SEE RIGHT SIDE BAR.
A Guided Tour: One of the travelers spent a fall semester several years ago studying in Athens. So the three travelers embarked on a journey to her old school. We walked through Plakka, through Hadrian's Arch and the Temple of Zeus. This temple was well preserved for a Greek ruin. Many of the columns stood tall.
The Arch of Hadrian
The Arch of Hadrian was built to celebrate the completion of the temple. This arch is thought by some to represent the dividing line between the ancient Greek city of Athens and Hadrian's new Roman city.
TEMPLE OF ZEUS
This temple is the largest in ancient Greece. The building of this temple was begun in 6th century BC and finished seven hundred years later by the Romans. It was three hundred sixty feet long and one hundred forty-five feet wide. It had one hundred four columns. Only fifteen of which stand today. One of the remaining standing columns was toppled by a storm in 1852. The temple once housed a huge statue of Zeus and an equally colossal statue of the Roman emperor Hadrian.
From the Temple of Zeus one can catch views of the Parthenon and Leviticus hill. From here the travelers walked to the 1896 Olympic stadium. The site was awesome and inspiring to see both the olympic flag and the flag of Greece flying high.
1896 OLYMPIC STADIUM
This stadium was built in the 4th century BC to host the Panathenaic Games. It was rebuilt by the Romans in the second century AD then restored to its Roman condition for the first modern Olympics in 1896. It saw Olympic action again in 2004 when it was the finish for the marathon. The stadium is built of Pentelic marble. The same marble that was used in the Parthenon. It holds eighty thousand people.
We continued our walking tour up a hill to see the school where one traveler spent several months. As we reached the top a gentleman rounded the corner. This man was her teacher through her schooling journey. We were introduced and the professor and the traveler had a short walk back in time. We went on to eat a gyro in the square where the student now traveler studied while abroad then on to see the apartment where she'd lived. We ate gyros and rested then walked down the hill.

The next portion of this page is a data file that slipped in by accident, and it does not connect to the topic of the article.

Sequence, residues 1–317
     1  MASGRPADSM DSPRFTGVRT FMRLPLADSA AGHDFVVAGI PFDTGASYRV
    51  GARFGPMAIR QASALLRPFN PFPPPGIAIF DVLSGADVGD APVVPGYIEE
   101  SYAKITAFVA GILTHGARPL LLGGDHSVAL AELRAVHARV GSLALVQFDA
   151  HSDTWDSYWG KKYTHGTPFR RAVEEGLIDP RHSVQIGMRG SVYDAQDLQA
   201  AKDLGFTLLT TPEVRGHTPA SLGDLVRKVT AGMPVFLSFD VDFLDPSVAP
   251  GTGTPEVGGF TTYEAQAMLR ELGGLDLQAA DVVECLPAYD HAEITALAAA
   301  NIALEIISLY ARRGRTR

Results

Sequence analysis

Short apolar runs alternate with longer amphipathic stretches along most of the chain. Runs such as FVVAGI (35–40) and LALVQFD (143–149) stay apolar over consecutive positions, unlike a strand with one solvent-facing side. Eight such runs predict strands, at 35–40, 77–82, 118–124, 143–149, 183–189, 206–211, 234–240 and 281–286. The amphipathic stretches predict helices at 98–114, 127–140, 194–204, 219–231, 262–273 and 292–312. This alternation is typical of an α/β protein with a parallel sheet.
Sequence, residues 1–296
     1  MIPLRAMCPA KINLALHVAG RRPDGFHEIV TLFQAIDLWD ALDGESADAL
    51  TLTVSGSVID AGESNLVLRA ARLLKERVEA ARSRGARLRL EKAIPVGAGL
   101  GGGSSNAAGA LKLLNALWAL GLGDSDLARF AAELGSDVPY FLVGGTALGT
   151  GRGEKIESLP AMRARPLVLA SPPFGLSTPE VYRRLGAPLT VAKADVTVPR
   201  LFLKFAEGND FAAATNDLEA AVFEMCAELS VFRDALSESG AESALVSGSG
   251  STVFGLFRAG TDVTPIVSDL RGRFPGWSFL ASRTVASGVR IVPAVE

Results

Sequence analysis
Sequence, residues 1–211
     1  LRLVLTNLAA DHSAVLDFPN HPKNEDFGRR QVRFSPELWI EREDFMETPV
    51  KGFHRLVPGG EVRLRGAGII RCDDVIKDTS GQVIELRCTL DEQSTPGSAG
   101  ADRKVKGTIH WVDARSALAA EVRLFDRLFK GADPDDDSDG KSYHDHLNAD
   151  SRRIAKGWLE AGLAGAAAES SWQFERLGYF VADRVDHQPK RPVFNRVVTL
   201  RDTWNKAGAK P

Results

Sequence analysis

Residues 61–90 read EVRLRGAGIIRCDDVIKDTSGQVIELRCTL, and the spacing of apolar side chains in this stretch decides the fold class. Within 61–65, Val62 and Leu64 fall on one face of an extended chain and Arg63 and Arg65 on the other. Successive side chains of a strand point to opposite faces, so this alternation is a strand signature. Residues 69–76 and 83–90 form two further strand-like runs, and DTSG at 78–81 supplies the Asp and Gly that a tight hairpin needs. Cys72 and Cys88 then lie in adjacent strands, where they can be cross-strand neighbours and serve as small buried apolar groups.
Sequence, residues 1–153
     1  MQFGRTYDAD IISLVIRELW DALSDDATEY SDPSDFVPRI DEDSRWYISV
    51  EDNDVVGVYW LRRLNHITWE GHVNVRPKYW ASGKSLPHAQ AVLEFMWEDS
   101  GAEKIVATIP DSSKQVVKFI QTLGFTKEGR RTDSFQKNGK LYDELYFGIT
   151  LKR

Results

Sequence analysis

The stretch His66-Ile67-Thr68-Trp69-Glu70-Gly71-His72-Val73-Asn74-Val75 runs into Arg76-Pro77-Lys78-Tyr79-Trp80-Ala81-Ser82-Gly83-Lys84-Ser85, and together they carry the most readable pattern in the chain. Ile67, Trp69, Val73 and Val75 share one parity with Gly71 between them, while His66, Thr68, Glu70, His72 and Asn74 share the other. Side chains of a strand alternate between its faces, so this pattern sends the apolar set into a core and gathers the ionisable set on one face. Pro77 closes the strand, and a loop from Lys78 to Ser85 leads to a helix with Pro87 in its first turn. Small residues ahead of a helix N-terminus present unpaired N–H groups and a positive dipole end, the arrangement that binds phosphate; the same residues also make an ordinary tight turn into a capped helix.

Next we strolled through the National Gardens of Greece and onto the Parliament Building where the changing of the guards takes place every hour.
CHANGING OF THE GUARDS
Friday, Saturday and Sunday have been the most touristy of all. So many people walked up and down the streets. When we've stopped for coffee the vendors take this time to sell their wares: hand held sewing machines, flowers, CD's, and so much more. They know tourists tended to be persistent. Ohei (sp) in 'no' in the Greek language. It does help to put a little force in the single word. One can also ignore them. They do tend to go away after a minute or two.
The flag of Greece is blue and white and was officially adopted on December 22, 1978.
The Greek flag has nine horizontal blue and white stripes, with a white cross on a blue square field in the canton position (upper left corner by the flagpole). The white cross symbolizes Greek Orthodoxy, the established religion of Greece. The ratio of its height to its width is 2:3.
The blue and white colors represent the seas surrounding Greece with its blue water and white wave crests.
Recipe of the Day: Baklava
This is a favorite Greek desert but it is very sweet so a little goes a long way. Personally I really like this treat.
Prep Time: 30 min to 1 hour
Cook Time: 30 min to 1 hour
Serves: 8+ people
For the Filling
2 cups (8 oz) finely chopped almonds
1 cup (4 oz) finely chopped walnuts
1/4 cup (2 oz ) caster (superfine) sugar
2-3 tbsp bread crumbs (optional. It helps to bind the filling. I dint use it in this recipe. I came to know of this trick later)
2 tsp ground cinnamon
1/8 tsp ground cloves
For the syrup
2 cups (1 lb) sugar
2 cups (16 fl oz) water
1 stick cinnamon
1 tbsp lemon juice
For the cover
12 oz packet filo pastry (375g) (see how to make Phyllo dough from scratch here)